The narrator searches and searches for a job, sending out letters addressed to important contacts of Dr. Bledsoe, with words of recommendation. Time passes until, eventually, he only has one letter left and, knowing this is his last chance, heads out to a Mr. Emerson’s office. Here he speaks to a man, later to be revealed as Mr. Emerson’s son, who exposes a huge secret. The letter, meant to help the narrator, asked the businessmen to turn away the narrator because he had done some terrible crime against the school. Each document explains that the narrator must not be told of this, for his chances of returning to the college were impossible, and the college did not wish to deal with the backlash of him knowing this. This is an essential point for the narrator, for now he knows that there is no chance of him returning to the college and achieving his dream of being an educator or attaining a high position there. Ellison introduces something in this chapter that the narrator is unaware of. Until this point, no one has truly seen the narrator for who he was. In all of his account, contrary to what he might believe, he has been invisible. Not until now, with young Mr. Emerson, is he shown his situation in its true light. Mr. Emerson sees him not as black man in need of a job: he speaks honestly to the narrator, at no gain to himself. They speak person to person, with no preconception or blindness in front of them.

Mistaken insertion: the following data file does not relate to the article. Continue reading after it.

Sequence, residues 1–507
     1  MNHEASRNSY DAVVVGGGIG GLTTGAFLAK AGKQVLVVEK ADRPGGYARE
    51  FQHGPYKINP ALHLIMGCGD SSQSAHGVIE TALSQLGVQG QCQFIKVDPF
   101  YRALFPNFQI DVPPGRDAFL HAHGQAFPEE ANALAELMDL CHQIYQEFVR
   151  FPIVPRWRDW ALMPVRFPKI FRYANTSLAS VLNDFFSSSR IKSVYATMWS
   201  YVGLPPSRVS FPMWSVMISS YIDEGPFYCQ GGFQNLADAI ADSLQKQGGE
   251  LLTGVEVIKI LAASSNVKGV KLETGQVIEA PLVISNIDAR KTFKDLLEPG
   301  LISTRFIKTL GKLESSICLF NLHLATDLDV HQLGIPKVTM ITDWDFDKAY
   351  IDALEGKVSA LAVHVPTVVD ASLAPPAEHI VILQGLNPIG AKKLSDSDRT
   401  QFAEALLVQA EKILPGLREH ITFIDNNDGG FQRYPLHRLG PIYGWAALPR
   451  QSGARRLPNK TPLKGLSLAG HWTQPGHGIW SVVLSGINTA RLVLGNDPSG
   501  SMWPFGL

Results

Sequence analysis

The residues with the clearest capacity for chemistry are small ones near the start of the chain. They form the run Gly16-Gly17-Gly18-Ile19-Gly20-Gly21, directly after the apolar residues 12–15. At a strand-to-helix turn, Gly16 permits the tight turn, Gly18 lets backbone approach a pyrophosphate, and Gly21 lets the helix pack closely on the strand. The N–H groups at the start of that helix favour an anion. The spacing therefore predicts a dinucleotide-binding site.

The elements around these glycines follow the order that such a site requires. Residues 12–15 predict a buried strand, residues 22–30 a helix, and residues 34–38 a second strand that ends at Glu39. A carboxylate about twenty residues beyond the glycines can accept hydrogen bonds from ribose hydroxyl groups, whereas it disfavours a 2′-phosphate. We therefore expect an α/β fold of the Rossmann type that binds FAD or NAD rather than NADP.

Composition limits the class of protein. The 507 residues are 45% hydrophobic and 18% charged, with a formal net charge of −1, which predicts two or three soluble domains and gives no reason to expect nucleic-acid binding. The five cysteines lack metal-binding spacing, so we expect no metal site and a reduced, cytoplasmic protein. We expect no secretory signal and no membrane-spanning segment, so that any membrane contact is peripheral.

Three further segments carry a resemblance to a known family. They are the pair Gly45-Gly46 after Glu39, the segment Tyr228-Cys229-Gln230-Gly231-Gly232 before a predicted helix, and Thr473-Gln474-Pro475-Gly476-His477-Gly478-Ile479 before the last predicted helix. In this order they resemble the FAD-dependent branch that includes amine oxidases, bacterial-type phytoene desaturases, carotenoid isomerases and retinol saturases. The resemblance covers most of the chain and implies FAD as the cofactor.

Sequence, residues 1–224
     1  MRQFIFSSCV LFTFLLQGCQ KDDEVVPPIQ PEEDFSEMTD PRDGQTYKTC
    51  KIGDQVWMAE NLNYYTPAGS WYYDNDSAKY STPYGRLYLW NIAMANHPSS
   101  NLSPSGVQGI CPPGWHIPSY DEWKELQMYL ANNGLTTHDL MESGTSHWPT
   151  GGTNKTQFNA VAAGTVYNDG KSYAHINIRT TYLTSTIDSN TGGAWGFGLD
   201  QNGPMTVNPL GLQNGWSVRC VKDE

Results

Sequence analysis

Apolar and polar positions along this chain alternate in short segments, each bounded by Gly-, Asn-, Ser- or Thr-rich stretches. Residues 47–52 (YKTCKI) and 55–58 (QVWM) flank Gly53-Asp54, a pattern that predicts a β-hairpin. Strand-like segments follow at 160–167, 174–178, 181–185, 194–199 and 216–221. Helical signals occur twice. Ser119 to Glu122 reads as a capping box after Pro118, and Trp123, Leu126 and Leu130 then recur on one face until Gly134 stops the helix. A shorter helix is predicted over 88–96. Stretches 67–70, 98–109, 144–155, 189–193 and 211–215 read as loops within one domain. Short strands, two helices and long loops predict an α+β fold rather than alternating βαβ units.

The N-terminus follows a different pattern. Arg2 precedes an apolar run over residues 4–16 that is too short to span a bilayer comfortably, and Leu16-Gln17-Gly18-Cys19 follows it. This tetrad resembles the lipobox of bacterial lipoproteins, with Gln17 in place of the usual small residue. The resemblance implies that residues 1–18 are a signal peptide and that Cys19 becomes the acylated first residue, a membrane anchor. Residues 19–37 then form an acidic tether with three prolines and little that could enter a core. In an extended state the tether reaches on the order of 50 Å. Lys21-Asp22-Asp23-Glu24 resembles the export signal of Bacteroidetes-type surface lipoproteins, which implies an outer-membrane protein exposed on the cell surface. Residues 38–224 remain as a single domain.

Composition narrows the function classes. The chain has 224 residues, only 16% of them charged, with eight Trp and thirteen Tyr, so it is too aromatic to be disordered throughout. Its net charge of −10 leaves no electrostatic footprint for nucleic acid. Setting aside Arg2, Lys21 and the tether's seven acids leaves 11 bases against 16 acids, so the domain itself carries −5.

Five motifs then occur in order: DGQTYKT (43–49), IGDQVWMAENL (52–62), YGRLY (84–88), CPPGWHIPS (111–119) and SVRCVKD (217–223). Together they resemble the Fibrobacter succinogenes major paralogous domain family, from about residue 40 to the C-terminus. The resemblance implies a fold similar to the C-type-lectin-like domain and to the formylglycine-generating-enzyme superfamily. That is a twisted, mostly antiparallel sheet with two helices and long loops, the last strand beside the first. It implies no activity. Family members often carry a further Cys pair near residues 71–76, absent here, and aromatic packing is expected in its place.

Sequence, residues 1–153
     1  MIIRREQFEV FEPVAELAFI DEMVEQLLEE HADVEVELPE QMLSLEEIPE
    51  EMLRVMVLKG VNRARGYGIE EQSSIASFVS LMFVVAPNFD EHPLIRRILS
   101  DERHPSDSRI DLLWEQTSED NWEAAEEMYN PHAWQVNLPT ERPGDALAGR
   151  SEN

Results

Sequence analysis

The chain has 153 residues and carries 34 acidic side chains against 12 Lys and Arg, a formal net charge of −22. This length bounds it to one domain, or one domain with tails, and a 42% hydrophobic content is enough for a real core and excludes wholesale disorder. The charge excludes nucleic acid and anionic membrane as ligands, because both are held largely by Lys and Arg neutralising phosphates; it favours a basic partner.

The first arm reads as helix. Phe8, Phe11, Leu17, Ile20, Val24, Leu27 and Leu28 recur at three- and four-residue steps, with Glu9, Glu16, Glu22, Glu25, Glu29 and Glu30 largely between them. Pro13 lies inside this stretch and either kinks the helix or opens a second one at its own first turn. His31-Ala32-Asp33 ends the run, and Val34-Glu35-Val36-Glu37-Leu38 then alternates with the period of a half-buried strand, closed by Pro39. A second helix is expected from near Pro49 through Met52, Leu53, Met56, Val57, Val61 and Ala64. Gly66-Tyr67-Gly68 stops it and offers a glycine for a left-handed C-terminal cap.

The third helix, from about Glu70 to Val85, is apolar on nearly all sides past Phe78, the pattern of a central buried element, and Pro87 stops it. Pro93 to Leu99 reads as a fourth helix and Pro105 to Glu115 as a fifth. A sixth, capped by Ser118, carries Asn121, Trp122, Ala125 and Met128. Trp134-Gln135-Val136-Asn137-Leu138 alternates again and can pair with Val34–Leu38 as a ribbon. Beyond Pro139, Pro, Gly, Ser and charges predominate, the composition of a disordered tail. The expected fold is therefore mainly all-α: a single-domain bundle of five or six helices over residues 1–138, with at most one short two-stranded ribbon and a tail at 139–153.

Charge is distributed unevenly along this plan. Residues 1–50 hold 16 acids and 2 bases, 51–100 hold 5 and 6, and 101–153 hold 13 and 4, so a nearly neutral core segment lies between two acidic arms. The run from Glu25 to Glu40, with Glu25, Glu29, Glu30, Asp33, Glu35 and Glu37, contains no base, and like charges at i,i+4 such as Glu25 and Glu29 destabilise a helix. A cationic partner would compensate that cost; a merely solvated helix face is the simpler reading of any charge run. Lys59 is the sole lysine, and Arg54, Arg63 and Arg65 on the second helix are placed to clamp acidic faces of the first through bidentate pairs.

In order to help the narrator, young Emerson sets him up with a job at a paint factory. It is here that the narrator receives the injury that sends him to a hospital. When he emerges from treatment, it is almost as if he is a new person. It is at this moment that his definition of invisibility changes. He no longer believes that pandering to white men is the right way to go. Instead, he must do as he wishes; he will make himself visible some other way. “I am what I am!” he says to himself (266).
Upon seeing an eviction of an older black couple, the narrator gets fired up and gives and impromptu speech to a crowd. It is after this event that, finally, he discovers a way of becoming truly visible by joining a group called The Brotherhood after being approached by an impressed member. The Brotherhood is a group that speaks out for black rights and tries to create better race relations between the white and black people. The narrator agrees to join the group and, though at first skeptical, soon becomes happy with the fact that, by giving these speeches and making a difference, he will force white people to see him. He will be visible to all. However, things don’t go exactly as he plans. During his entire stay with The Brotherhood, he believes that standing up for his people and speaking publicly, where everyone will see him, make him more and more visible. He could not see that he was being used as an icon or for the black people rather than being valued for who he is. He was not important himself: the brotherhood just need a black man who could speak. For instance, when it is seen that he will be making speeches, a woman wonders if he is “dark enough” to be a representative speaker. The Brotherhood members also critique the narrator when he tries to speak outside of what the Brotherhood wishes. He has no true voice for himself. In a sense, he is just a puppet of the Brotherhood. In all accounts, invisible.